- Associated Press - Tuesday, March 22, 2011

HONG KONG (AP) - Director Gu Changwei is praising the all-star cast he assembled in his first film in four years, a drama exploring how AIDS impacts a rural Chinese village.

“Til Death Do Us Part” stars Zhang Ziyi, known for “Crouching Tiger, Hidden Dragon,” and Hong Kong actor-singer Aaron Kwok as her love interest. The cast also includes Gu’s wife, actress Jiang Wenli, and veteran Chinese actor Pu Cunxin, as well as real AIDS patients.

Gu said the role of an ostracized patient “really belonged to no one other than Ziyi.”

Zhang, whose recent credits include the romantic comedy “Sophie’s Revenge” and the English-language thriller “Horsemen,” said her role as a social outcast was extremely absorbing.

“It was very hard to separate myself from the character at any given moment. I was always living in the world of my character,” Zhang told The Associated Press on the sidelines of a news conference Tuesday.

Gu started as a cinematographer for famed Chinese directors Zhang Yimou and Chen Kaige on movies like “Red Sorghum,” “Ju Dou” and “Farewell My Concubine.” His directorial debut, the 2005 family drama “Peacock,” won the Silver Bear at the Berlin International Film Festival, and he followed it two years later with “And the Spring Comes,” starring his wife as a school teacher who aspires to be an opera singer.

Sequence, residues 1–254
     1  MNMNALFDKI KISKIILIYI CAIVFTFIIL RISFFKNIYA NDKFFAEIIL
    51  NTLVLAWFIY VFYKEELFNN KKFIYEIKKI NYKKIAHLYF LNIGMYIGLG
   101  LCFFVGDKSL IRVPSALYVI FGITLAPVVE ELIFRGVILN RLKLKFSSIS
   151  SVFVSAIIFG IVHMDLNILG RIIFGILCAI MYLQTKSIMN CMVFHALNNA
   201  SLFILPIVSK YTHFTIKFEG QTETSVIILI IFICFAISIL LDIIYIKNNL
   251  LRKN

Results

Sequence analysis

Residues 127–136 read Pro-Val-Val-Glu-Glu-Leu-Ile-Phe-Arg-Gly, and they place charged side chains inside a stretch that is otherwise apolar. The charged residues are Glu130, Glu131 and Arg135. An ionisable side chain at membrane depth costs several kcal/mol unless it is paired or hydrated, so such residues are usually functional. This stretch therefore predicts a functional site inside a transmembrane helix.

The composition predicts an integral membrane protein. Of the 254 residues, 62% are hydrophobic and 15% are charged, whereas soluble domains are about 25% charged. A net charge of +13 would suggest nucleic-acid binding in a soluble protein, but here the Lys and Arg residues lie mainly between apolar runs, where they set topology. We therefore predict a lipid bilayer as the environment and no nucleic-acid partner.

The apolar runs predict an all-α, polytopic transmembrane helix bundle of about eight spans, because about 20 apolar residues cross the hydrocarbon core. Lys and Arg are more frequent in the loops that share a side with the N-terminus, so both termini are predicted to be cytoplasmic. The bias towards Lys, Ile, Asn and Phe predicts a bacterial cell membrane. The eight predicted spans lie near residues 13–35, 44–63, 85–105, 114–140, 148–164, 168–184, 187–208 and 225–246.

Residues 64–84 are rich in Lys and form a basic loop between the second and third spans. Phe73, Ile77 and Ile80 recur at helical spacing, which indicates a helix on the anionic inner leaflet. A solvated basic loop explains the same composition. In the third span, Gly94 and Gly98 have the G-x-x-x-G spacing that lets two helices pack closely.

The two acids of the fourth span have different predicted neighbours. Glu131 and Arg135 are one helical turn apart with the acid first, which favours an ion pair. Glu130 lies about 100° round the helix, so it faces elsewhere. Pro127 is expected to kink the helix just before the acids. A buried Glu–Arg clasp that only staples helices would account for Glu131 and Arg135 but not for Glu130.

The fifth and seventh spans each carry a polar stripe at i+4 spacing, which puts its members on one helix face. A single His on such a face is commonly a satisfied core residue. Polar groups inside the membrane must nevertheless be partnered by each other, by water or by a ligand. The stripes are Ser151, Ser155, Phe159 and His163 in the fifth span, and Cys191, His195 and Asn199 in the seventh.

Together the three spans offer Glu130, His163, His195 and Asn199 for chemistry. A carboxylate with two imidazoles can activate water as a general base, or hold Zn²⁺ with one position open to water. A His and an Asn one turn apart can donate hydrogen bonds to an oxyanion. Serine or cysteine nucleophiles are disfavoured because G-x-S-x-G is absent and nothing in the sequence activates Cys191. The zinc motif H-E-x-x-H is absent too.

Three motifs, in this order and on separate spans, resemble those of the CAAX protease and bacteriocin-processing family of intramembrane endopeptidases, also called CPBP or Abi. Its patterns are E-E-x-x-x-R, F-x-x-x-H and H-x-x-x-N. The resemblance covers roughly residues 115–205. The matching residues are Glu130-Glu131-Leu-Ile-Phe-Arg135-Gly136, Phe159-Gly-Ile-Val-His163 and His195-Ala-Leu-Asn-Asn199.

Gu and Jiang marveled at the “Til Death” performances by Zhang and Kwok, a heartthrob idol who has reinvented himself as a serious actor. He won back-to-back best actor trophies at Taiwan’s Golden Horse Awards _ the Chinese industry’s equivalent of the Oscars _ in 2005 and 2006 for the crime thriller “Divergence” and the drama “After This Our Exile.”

Both Gu and Jiang said they couldn’t picture the glamorous Hong Kong star as a down-to-earth Chinese villager but were pleasantly surprised.

“I was thinking, ‘How could it be Aaron Kwok? He is so different,’” Jiang said. “But when I came on set on the first day I couldn’t recognize him. That’s when I thought he had succeeded.”

“Til Death Do Us Part” will be released in China on May 10.

A companion documentary had its Asian premiere at the Hong Kong International Film Festival on Monday. In “Together,” Chinese filmmaker Zhao Liang recorded the difficulties of finding AIDS patients to appear in the feature film.